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Dancing In the Rain

District Attorney Bob Lee’s death in October stunned the Santa Cruz community, but he had battled cancer fiercely—and privately—for more than a decade. Now one of his closest friends reveals the remarkable inside story

 

Our Gifts - Fiery Sacrificial Lights to One Another

Wednesday is Christmas Eve, Hanukkah ends and the Moon is in Aquarius, calling for the new world to take shape at midnight. Thursday morning, the sun, at the Tropic of Capricorn, begins moving northward. The desire currents are stilled. A great benediction of spiritual force (Capricorn’s Rays 1, 3, 7) streams into Earth. Temple bells ring out. The heavens bend low; the Earth is lifted up to the Light. Angels and Archangels chant, “On Earth, peace, goodwill to all.” As these forces stream into the Earth they assume long swirling lines of light, in the likeness of the Madonna and Child. The holy child is born. Let our hearts be “impressed” with and hold this picture, especially because Christmas may be difficult this year. Christmas Day is void of course moon (v/c moon), which means we may feel somewhat disconnected from one another. It’s difficult to connect in a v/c moon. Try anyway. Mercury joins Pluto in Capricorn. Uh oh … we don’t bring up the past containing any dark and difficult issues. We are to attempt new ways of communicating—expressing aspirations and love for one another, replacing wounding, sadness, lostness, and hurts of the past. Play soothing music, pray together, have the intention for peace, harmony and goodwill. Don’t be surprised if things feel out of control and/or arguments arise. We remember, before a new harmony emerges, chaos and crisis come first to clear the air. We are to be the harmonizers. Christmas evening is more harmonious, less difficult, more of what Christmas should be— radiations of love, sharing, kindness, compassion and care. Sunday, Feast Day of the Holy Family, is surprising. Wednesday is New Year’s Eve, the last day of 2014. Taurus moon, a stabilizing energy, ushers in the New Year. Happy New Year, everyone! Peace to everyone. Let us realize we are gifts radiating diamond light to one another. Living sacrificial flames!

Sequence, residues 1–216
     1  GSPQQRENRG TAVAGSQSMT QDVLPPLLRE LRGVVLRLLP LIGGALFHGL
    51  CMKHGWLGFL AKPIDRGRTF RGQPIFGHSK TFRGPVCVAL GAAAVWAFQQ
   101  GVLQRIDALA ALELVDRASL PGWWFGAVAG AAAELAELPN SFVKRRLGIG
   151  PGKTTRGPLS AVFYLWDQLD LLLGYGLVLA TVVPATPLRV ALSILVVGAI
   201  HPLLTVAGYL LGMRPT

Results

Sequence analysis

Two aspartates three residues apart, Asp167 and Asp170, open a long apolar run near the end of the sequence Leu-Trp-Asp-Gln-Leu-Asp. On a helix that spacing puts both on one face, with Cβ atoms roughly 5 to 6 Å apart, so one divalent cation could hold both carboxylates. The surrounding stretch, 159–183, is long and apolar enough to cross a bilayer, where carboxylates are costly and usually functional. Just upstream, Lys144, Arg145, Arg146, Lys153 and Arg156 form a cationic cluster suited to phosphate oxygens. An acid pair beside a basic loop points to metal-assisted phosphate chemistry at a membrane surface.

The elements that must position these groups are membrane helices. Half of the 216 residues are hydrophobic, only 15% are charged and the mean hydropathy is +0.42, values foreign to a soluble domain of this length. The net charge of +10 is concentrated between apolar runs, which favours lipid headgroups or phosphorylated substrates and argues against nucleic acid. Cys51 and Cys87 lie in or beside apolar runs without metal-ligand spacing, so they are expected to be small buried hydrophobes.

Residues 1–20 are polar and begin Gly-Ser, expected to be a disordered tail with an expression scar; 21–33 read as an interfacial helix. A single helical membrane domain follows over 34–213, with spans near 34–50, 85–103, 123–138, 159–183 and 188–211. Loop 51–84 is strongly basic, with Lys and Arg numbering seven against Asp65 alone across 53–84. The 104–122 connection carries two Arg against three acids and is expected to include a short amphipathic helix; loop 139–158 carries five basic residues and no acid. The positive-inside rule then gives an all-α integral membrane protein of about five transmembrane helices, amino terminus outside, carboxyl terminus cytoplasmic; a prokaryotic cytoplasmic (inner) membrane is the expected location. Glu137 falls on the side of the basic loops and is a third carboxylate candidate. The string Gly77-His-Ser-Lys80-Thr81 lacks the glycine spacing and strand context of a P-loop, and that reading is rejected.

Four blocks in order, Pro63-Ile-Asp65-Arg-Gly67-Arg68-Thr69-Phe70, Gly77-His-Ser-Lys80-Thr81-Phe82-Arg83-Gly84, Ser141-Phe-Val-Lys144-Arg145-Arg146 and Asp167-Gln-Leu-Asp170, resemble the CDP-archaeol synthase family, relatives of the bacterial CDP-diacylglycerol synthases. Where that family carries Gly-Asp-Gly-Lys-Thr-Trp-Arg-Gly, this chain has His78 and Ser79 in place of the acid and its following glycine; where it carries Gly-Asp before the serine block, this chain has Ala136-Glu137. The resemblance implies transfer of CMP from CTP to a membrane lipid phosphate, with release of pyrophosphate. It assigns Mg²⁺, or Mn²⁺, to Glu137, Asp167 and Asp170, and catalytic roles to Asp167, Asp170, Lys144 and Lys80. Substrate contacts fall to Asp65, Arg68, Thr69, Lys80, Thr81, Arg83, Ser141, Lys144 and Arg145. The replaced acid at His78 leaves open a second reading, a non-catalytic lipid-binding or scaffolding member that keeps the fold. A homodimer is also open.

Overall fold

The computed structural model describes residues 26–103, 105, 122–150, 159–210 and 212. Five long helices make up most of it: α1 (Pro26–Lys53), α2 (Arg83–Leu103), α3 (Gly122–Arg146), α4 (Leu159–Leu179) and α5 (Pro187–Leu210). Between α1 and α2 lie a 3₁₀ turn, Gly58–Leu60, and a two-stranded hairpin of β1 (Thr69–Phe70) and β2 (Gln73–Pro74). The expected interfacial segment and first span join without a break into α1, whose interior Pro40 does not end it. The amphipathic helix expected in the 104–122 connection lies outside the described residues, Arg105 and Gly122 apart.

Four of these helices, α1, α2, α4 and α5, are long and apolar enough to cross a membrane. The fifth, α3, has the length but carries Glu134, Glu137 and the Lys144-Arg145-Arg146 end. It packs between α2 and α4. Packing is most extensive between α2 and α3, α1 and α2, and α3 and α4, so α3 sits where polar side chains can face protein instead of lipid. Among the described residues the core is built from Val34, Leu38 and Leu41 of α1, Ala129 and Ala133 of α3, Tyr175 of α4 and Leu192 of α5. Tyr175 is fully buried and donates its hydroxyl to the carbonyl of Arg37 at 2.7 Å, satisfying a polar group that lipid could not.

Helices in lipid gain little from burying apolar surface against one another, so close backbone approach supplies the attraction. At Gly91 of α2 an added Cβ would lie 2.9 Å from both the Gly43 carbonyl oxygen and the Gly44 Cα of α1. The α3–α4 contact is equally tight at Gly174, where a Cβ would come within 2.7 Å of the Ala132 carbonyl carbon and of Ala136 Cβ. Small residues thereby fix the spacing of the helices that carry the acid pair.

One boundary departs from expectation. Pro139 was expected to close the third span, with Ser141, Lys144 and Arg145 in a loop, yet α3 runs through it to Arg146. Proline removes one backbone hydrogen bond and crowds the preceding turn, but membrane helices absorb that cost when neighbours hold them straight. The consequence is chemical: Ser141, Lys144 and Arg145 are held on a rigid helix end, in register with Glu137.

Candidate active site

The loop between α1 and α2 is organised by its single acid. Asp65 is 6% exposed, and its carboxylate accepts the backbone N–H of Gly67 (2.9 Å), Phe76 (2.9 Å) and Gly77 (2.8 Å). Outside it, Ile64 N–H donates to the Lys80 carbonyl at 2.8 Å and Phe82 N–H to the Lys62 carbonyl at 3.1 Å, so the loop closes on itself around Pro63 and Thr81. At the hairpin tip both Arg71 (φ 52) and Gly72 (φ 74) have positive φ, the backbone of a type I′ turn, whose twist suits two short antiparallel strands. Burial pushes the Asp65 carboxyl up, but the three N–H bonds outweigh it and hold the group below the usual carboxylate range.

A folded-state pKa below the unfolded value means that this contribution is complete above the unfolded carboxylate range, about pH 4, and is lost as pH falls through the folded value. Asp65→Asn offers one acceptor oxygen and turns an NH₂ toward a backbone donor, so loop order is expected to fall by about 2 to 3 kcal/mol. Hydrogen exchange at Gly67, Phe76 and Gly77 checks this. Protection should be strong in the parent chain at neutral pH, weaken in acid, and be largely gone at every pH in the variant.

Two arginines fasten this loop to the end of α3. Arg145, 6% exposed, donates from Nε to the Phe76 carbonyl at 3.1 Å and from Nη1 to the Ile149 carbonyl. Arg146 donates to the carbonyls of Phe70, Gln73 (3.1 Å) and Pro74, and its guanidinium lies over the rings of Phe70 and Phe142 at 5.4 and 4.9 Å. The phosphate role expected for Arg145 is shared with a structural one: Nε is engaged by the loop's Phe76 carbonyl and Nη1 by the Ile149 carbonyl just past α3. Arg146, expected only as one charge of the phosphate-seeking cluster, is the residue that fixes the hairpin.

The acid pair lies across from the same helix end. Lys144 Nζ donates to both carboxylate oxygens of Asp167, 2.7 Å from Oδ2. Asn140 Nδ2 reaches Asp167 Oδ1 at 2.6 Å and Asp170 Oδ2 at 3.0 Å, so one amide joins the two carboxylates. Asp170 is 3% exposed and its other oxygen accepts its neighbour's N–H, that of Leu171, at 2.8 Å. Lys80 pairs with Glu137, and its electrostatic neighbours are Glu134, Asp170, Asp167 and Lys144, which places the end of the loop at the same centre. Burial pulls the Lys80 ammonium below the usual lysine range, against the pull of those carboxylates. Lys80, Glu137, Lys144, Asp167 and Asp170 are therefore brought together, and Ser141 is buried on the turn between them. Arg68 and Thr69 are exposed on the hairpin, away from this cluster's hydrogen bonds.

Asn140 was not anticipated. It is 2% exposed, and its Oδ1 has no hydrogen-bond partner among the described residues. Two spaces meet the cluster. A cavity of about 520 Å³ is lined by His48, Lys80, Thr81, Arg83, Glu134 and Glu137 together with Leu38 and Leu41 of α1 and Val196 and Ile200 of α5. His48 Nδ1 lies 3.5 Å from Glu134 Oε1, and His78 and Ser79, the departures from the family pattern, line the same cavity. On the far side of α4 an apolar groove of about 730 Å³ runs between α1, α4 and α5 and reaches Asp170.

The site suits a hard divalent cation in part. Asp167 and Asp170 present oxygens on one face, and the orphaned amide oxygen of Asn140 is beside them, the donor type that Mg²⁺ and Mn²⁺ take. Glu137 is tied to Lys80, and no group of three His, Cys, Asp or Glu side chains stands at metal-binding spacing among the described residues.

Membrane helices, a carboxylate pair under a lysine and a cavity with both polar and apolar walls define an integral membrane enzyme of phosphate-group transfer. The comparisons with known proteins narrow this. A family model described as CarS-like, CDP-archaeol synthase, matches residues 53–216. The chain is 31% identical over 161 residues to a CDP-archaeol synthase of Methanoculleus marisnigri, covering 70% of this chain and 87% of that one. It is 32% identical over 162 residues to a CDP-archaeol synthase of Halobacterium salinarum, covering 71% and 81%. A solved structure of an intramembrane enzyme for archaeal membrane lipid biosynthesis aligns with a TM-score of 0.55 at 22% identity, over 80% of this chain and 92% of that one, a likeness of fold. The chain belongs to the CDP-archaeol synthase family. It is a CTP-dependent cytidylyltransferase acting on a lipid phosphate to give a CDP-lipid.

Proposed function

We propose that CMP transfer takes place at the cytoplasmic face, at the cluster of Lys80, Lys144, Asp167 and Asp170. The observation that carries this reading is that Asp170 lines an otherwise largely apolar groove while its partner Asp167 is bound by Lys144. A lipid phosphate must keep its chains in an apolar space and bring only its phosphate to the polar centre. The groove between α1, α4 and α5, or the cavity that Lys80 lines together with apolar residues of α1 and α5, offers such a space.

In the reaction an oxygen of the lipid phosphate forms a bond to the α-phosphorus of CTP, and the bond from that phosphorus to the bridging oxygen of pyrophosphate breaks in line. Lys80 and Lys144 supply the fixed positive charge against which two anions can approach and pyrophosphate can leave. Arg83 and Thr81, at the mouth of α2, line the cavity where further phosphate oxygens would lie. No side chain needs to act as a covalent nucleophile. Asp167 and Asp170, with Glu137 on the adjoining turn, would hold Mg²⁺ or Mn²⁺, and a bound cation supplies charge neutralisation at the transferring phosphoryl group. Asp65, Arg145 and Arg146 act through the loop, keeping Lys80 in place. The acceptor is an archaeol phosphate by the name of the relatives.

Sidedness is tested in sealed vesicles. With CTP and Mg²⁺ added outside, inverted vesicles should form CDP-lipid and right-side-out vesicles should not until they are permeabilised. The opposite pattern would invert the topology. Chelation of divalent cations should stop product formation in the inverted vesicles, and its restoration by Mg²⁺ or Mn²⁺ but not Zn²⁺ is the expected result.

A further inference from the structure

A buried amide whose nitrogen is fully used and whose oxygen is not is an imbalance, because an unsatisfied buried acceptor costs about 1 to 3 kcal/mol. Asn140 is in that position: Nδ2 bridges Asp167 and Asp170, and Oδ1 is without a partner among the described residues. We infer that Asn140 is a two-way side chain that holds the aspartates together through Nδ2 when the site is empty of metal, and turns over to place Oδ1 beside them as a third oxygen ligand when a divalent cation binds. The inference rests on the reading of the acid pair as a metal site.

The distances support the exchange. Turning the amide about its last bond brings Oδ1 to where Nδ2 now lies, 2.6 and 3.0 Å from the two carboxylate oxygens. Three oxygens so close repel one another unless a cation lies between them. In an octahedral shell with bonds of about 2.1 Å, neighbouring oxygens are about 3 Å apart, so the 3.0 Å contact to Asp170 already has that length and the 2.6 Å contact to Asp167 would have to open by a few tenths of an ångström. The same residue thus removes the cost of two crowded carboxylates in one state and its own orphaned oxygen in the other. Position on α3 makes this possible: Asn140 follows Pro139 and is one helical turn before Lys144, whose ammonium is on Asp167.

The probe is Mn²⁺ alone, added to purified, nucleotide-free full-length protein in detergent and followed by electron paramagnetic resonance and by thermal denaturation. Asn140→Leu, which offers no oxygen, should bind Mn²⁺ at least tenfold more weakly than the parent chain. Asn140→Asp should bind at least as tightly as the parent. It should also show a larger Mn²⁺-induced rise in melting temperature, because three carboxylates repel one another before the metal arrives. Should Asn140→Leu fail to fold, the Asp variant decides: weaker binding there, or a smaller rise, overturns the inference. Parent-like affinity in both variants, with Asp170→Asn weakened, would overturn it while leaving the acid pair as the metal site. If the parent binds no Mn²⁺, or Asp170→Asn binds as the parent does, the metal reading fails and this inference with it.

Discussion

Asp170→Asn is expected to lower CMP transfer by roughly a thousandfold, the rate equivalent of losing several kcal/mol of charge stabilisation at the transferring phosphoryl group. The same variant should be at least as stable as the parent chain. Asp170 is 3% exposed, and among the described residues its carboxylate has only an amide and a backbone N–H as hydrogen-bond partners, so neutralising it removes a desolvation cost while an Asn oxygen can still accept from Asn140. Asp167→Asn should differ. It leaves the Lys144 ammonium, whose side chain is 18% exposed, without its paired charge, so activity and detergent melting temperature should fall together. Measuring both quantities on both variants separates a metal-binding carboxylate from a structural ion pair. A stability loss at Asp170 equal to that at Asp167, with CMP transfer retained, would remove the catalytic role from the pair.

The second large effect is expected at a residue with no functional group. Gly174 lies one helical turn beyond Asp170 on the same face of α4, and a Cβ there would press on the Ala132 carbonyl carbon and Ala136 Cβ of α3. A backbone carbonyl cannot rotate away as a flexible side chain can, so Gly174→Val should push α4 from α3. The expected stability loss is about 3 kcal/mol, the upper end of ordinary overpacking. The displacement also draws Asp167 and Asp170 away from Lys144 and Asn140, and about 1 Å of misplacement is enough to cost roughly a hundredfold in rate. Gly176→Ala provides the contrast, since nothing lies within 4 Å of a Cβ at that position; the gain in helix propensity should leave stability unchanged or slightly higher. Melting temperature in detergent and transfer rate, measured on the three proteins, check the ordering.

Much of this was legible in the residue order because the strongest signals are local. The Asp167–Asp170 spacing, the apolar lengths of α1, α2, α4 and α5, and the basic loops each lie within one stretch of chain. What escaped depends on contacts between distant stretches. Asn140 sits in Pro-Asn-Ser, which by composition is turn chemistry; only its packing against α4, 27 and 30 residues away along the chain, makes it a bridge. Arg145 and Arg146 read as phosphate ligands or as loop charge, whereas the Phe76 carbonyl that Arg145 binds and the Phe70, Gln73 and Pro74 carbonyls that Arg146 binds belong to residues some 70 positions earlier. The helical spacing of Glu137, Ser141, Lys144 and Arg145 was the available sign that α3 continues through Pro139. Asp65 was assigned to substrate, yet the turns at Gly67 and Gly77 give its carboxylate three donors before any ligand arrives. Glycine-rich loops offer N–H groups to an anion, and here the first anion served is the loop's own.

The New Tech Nexus

Community leaders in science and technology unite to form web-based networking program

 

Let My People Go

There’s a lot to like in Ridley Scott’s maligned ‘Exodus’
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Best Bites of 2014

A look back at the year in good taste

 

What downtown business is good for both one-stop shopping and last-minute gifts?

The Homeless Garden Project store. Because it is a community effort and has really useful and beautiful things, and allows you to connect with a lot of folks who are doing great work in Santa Cruz. Miriam Greenberg, Santa Cruz, UCSC Professor

 

Vino Tabi Winery

One of Santa Cruz’s most happening areas to go wine tasting is in the westside’s Swift Street Courtyard complex. Ever since a group of about a dozen wineries got together and formed Surf City Vintners (SCV), the place has been a hive of activity, and a wine-tasting mecca. Adding to the mix is the lively Santa Cruz Mountain Brewing beer company—making Swift Street Courtyard a perfect spot for a glass of wine or a pitcher of ale.

 

Betty’s Eat Inn

Yes, she’s a real person; no, this isn’t her